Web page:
Students looking to stream basic cable networks are able to do so free of charge anywhere on campus using Tivli, an IP-based television service currently available at five universities. According to the Tivli support page, the service allows students to watch any TV channel using laptops and Roku boxes, eliminating the need for a traditional television set or a cable box.
Tivli was introduced to the University last spring.
“It was about a year ago we needed to come up with an alternative to the contract we are in now, which ends in July,” said Associate Director of Information Technology Auxiliary Services Allen Alonzo.
On Sunday, Feb. 24, just before the Academy Awards aired, an article appeared on Wesleying about the University’s subscription to Tivli. For some students, this was the first they had heard of the service, although it has been available to students for many months. The previous lack of publicity was due to contractual obligations that prevented Information Technology Services from announcing the change.
“We have very strict contractual obligations to our current provider, so we couldn’t disclose what our plans are or do any marketing,” Alonzo said. “That’s why it all seems so secretive.”
Before making Tivli available to all campus residents, the service was tested in program houses.
“We did a pilot into the program houses because we’re providing TV in those locations,” Alonzo said. “As the system came online, the web interface was open [to all students].”
Although students initially had access to all the channels provided by Tivli, as of approximately one month ago only over-the-air stations are available to students, which was the original intent.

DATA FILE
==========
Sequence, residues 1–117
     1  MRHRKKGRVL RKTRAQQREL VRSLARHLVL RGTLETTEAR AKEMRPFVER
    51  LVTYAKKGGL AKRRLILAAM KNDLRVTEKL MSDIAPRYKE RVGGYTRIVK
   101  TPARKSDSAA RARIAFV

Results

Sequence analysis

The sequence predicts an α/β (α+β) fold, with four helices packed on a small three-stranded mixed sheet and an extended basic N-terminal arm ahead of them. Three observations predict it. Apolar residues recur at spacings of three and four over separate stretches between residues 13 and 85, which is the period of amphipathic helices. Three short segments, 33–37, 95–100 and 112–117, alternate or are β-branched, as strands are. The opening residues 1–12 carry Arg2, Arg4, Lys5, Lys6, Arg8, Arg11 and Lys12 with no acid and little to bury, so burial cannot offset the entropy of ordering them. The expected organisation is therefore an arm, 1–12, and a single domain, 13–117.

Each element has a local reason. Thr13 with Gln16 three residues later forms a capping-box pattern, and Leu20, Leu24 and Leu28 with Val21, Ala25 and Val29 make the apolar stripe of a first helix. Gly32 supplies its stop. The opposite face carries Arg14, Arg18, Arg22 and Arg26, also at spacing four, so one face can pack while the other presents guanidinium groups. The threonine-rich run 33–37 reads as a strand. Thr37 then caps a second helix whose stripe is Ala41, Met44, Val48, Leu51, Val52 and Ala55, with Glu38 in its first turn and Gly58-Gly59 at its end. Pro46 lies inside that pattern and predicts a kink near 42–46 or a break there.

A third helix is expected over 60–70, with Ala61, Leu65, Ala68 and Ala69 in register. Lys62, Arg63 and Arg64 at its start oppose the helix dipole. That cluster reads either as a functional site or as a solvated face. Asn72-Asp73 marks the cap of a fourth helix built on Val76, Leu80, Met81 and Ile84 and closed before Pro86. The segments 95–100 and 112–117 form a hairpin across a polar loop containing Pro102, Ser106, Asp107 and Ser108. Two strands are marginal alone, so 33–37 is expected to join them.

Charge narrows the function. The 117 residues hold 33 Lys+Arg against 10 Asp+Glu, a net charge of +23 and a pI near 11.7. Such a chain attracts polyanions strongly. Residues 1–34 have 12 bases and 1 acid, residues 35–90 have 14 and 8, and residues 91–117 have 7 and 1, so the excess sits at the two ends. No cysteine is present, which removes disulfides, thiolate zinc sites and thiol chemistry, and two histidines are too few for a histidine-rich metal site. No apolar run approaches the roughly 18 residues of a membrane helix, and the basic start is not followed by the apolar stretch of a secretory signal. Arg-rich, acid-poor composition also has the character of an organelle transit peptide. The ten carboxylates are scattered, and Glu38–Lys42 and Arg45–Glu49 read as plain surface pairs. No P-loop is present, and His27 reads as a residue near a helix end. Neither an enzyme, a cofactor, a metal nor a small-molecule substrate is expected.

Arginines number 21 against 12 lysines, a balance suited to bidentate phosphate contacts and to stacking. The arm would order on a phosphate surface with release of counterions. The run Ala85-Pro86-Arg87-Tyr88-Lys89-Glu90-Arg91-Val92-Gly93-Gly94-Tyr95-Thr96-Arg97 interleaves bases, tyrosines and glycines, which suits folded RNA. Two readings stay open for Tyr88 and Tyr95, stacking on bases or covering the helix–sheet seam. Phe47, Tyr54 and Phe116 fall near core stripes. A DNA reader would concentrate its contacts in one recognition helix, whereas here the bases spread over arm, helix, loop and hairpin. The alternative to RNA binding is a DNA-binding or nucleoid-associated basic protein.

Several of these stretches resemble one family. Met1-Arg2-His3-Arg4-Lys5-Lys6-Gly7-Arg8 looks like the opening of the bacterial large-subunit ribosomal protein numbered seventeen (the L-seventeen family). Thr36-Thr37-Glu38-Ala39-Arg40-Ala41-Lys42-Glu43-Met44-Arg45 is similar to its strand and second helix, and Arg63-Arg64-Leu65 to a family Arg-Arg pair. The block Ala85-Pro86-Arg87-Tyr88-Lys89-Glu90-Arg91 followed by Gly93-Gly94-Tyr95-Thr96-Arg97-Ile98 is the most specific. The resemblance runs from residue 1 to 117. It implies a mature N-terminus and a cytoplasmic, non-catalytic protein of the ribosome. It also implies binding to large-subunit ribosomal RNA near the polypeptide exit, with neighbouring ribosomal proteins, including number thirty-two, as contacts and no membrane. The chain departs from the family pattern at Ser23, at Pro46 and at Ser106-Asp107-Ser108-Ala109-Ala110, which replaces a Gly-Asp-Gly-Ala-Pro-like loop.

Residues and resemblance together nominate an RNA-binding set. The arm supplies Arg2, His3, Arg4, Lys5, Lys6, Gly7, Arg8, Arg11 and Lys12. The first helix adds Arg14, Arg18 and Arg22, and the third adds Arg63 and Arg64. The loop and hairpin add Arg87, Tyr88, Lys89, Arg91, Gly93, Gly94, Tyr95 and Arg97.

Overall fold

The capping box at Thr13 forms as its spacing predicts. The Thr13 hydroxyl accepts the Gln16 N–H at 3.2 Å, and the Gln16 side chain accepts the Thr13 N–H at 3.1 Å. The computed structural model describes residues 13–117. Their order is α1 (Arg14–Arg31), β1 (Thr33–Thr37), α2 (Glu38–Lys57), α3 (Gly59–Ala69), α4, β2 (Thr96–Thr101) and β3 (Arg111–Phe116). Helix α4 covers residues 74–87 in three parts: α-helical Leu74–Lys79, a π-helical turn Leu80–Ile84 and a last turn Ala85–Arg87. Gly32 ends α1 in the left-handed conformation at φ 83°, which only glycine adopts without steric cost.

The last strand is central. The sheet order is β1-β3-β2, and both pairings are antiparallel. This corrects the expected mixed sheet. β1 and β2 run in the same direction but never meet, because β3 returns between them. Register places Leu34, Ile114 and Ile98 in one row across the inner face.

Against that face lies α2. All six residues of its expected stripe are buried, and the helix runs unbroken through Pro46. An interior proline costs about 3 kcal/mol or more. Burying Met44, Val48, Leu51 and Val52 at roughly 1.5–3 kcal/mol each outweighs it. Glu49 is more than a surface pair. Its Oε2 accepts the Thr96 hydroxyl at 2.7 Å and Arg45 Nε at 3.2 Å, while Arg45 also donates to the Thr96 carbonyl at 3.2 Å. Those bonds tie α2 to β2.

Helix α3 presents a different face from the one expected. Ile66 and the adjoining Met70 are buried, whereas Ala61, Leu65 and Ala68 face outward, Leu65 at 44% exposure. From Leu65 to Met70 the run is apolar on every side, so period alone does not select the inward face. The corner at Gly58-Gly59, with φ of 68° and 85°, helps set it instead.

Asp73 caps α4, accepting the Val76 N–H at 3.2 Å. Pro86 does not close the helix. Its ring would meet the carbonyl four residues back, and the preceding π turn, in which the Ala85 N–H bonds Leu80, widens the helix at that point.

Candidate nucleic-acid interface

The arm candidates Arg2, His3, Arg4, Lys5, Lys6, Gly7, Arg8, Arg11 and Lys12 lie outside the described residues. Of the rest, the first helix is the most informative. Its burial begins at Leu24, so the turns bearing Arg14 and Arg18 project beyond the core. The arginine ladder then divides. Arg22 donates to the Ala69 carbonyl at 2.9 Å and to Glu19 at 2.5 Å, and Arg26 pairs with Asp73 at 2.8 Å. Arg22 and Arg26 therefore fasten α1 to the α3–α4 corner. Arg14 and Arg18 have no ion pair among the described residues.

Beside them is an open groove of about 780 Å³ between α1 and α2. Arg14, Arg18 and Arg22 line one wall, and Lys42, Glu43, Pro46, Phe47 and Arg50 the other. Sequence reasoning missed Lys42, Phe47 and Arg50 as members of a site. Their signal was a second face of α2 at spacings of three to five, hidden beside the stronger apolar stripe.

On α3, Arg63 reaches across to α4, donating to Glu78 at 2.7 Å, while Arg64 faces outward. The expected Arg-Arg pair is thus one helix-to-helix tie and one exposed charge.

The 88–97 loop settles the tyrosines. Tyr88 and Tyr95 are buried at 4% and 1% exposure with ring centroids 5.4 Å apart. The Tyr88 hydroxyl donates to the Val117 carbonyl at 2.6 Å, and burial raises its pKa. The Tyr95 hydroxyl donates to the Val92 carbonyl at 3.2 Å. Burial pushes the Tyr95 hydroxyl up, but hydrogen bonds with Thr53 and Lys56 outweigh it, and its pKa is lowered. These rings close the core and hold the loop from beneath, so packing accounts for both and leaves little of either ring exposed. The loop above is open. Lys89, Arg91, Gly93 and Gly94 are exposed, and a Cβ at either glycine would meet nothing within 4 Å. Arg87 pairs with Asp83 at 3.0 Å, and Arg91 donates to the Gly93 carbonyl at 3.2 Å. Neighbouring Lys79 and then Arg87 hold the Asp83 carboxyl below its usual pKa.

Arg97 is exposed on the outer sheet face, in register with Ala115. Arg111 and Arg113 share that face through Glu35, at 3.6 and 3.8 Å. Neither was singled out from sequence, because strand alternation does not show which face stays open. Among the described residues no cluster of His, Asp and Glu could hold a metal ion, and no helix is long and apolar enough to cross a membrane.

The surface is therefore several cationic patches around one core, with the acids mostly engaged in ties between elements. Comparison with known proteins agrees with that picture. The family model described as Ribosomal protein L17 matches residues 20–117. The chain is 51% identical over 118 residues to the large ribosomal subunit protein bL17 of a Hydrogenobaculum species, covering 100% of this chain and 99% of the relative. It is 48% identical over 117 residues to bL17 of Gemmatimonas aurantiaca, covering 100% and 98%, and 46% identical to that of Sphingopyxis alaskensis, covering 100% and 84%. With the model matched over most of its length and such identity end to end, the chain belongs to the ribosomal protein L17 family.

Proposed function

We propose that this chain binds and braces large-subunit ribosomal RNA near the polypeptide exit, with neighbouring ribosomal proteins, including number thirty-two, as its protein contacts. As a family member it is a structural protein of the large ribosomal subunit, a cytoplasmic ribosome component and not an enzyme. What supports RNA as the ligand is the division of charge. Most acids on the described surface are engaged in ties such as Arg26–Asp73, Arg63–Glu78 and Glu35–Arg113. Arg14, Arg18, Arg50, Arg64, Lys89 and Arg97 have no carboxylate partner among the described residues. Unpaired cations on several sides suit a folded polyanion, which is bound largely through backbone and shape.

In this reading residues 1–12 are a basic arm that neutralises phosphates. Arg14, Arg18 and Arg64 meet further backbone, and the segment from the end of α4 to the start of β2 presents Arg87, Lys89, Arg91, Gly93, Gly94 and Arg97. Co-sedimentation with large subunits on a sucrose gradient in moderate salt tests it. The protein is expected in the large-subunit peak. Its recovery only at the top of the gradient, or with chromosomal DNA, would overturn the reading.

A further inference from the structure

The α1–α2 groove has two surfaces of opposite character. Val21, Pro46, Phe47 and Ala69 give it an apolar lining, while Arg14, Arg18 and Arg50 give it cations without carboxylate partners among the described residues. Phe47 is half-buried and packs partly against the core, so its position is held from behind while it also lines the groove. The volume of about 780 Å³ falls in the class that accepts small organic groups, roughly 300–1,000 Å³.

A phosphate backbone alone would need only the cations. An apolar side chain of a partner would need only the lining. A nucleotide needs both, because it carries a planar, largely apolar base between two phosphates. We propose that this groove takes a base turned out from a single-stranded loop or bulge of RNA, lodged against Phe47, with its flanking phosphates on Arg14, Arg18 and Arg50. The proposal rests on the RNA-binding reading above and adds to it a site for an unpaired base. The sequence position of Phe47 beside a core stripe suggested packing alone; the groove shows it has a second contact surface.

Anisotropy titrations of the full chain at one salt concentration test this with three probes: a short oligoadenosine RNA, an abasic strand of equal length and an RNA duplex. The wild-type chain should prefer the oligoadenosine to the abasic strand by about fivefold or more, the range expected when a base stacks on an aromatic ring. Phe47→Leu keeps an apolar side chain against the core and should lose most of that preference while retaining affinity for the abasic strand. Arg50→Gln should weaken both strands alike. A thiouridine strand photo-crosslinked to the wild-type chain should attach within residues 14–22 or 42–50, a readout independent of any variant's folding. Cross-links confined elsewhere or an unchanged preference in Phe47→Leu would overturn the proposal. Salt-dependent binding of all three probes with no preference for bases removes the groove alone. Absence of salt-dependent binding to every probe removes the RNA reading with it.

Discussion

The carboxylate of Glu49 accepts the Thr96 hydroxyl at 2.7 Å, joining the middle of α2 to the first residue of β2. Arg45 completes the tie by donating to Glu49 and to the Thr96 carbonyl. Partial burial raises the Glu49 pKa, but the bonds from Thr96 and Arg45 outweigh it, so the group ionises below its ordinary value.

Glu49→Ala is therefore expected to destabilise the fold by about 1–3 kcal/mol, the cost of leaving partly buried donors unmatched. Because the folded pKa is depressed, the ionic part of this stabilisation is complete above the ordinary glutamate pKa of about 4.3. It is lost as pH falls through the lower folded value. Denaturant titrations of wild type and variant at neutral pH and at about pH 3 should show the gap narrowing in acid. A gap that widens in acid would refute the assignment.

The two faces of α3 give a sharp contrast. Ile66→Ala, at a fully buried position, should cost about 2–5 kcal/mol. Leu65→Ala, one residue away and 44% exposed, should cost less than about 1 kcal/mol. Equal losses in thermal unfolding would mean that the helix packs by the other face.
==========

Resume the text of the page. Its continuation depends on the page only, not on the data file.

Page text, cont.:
Besides Wesleyan, Tivli is also available at Harvard University, The University of Maine, Texas A&M University, and Yale University.
According to the Tivli support page, students can access Tivli by going on tivli.com and signing up with their Facebook accounts and University credentials. Tivli is currently available only on University property.
Students who have used Tivli thus far have been satisfied.
“I found it through my roommate, who actually interned with the same place (Harvard Business School) where Tivli was developed,” wrote Cole Chiumento ’14 in an email to The Argus. “Long story short, he talked with some of the guys, they mentioned that Wesleyan was one of the beta testers, and ever since then I use it to stream cable.”
Chiumento explained that he is happy that the service is available.
“It’s nice because you can get a high-quality stream of primetime sports games if you want, or you can just mindlessly flip on AMC and just relax watching TV,” he wrote. “Plus, the one time I had any problem, I emailed them, and they responded within half an hour saying they had fixed the issue. I’m pretty impressed with it overall.”
Lizzy Clayton ’14 has had a similarly positive experience with Tivli.
“I found out about it during the election,” Clayton wrote in an email to The Argus. “I went up to my friend’s room in HiRise to watch the results. It was pretty easy to flip through the channels. We knew Obama won when Fox said so.”
The University will make an official announcement concerning Tivli in July, when its contract with AT&T ends.
Additional Reporting by News Editor Christina Norris.